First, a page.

Software in action Part 2: Reactive policing

Multiple solutions from a single company prove to be advantageous

The police department also used its personnel management software to quickly access employee information, contact personnel who were needed to respond to the disaster, and check on the safety and welfare of city employees affected by the storm.

Oxford County, Maine

In Maine, personnel at the Oxford County Sheriff’s Office recently relied on their public safety software system to help them respond to a very different type of emergency situation.

On July 25, 2011, one person was killed and another fatally injured when domestic violence escalated into an execution-style shooting in New Gloucester, Maine. State troopers’ only clues to the suspect’s identity stemmed from the comments of a six-year-old witness to the crime.

Oxford County Sheriff’s Office Deputy Sheriff George Cayer was on patrol when he heard a Maine State Police trooper announce that they were looking for a suspect possibly named Joe Hayden, driving a black Cadillac-style vehicle.

“The trooper was getting his information from a six-year-old witness. [Details about the incident were] pretty vague, and [the call was] chaotic with the children crying in the background over the trooper’s radio,” Cayer said.

Using the agency’s mobile software, Cayer searched for the name “J* Hayden” in the Oxford County Sheriff’s Office’s database. The software allows field officers to search for images and information on names, incidents, vehicles, and property without leaving their vehicle or requesting dispatch assistance.

Cayer immediately received responses for four matching records, one for Joel Hayden. Hayden, suspected of armed drug trafficking, had been entered into the system by Cayer in 2008. Hayden also matched the suspect’s physical description and had an alert attached to his record to signify to authorities that he was an armed drug dealer.

“Based on that information, we knew he was probably going to be the suspect in the Gray shooting,” said Cayer.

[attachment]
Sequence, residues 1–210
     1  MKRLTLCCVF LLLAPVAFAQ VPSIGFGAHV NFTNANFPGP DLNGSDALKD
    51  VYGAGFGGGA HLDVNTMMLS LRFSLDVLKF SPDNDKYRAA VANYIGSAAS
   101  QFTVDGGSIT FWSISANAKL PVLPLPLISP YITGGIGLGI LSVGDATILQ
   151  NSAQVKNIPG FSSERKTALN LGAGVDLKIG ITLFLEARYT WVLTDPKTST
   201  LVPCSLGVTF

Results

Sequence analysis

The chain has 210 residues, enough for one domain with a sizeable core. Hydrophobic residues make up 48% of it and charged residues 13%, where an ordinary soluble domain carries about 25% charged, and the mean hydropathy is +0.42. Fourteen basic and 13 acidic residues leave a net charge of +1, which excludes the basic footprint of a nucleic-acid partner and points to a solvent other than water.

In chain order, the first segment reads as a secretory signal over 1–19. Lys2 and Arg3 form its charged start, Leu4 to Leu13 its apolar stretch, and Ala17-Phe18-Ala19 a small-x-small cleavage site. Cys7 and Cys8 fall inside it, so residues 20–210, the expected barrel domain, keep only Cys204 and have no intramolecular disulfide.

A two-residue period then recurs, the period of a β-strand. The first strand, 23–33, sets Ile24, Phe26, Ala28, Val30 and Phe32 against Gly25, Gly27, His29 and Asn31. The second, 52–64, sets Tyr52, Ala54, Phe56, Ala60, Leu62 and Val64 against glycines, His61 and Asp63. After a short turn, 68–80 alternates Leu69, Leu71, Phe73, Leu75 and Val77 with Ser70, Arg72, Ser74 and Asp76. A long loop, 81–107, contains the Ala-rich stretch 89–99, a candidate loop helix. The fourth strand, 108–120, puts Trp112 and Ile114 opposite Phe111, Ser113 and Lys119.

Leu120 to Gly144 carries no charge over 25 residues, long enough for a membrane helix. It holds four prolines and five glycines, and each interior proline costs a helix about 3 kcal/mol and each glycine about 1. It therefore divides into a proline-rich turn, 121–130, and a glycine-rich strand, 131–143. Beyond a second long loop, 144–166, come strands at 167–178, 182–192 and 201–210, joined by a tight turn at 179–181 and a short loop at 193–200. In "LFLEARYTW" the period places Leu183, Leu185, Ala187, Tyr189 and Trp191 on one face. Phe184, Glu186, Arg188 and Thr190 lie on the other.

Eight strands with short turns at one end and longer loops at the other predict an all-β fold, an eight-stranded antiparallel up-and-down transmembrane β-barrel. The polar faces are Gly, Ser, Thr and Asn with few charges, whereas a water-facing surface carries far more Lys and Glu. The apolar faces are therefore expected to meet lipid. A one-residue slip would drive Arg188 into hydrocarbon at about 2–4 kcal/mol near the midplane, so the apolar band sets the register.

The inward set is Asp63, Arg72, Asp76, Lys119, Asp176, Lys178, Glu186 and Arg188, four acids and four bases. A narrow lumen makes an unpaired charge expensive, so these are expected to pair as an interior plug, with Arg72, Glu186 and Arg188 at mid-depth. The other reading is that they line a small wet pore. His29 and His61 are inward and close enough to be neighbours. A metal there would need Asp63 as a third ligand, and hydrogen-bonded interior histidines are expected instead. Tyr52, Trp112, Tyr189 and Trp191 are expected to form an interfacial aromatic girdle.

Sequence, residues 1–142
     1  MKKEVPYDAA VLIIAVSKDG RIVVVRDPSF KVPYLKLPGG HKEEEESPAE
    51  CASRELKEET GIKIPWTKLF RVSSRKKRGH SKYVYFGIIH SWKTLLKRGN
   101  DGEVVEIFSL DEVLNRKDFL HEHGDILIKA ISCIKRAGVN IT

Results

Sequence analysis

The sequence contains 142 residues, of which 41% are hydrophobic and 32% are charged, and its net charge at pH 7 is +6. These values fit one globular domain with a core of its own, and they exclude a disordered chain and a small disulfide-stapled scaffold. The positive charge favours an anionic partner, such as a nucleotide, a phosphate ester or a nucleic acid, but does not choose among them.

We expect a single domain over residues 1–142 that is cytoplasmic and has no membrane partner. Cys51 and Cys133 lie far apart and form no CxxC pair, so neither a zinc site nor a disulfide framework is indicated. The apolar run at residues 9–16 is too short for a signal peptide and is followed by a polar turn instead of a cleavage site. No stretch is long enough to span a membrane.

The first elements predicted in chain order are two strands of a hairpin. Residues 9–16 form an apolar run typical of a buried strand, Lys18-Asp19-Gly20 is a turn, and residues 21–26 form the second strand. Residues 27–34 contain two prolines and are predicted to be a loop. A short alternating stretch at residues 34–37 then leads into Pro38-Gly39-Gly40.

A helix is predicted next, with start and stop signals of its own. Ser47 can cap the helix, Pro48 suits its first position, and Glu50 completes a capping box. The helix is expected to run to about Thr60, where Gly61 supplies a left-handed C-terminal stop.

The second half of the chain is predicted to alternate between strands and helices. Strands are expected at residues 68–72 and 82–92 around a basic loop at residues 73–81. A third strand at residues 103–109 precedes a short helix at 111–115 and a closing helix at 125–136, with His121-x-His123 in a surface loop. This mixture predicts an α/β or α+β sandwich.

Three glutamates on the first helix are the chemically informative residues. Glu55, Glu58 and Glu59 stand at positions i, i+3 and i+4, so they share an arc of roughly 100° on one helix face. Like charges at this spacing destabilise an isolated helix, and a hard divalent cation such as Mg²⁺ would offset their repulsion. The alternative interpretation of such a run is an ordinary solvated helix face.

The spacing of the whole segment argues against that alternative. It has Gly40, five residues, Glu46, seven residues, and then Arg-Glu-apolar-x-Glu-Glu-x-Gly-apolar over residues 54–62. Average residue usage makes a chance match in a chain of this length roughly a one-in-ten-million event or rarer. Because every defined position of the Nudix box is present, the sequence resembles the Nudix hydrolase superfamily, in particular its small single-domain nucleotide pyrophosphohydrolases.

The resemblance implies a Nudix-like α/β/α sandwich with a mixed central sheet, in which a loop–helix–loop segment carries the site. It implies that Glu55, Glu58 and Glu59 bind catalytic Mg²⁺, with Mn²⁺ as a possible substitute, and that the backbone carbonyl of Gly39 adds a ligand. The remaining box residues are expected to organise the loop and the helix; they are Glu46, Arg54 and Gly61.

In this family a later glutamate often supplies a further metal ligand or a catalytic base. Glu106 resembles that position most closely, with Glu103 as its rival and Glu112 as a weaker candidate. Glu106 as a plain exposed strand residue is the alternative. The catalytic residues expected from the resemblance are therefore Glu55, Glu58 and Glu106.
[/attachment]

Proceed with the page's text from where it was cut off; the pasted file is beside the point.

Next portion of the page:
Cayer was then able to contact one of the responding state troopers to give him the suspect’s name and a description of the vehicle Hayden was driving in 2008. He also passed along a mug shot of Hayden that had been stored in Oxford County’s system.

“Within an hour of the shooting it was clear that we had identified the suspect. Our agency often assists the Maine State Police, Troop B units in Oxford County. This is just one example of how this technology works,” Cayer said.

After leading Maine State Police on a 20-minute car chase, Hayden crashed his vehicle into a ditch and surrendered to authorities. He was charged with two counts of murder.

As Tuscaloosa and Oxford County personnel discovered, a good public safety software system can make all the difference when it comes to communicating in an emergency situation and having quick access to critical information. Although you never know what challenges you might face in the line of duty, you can be sure that with the right software, you will be better equipped to handle whatever comes your way.


Read Part 1 of the Software in Action series “Proactive policing” in our March 2012 issue. You can find the article online at

  • Enhance your experience.

    Thank you for your regular readership of and visits to To continue viewing content on this site, please take a few moments to fill out the form below and register on this website.

    Registration is required to help ensure your access to featured content, and to maintain control of access to content that may be sensitive in nature to law enforcement.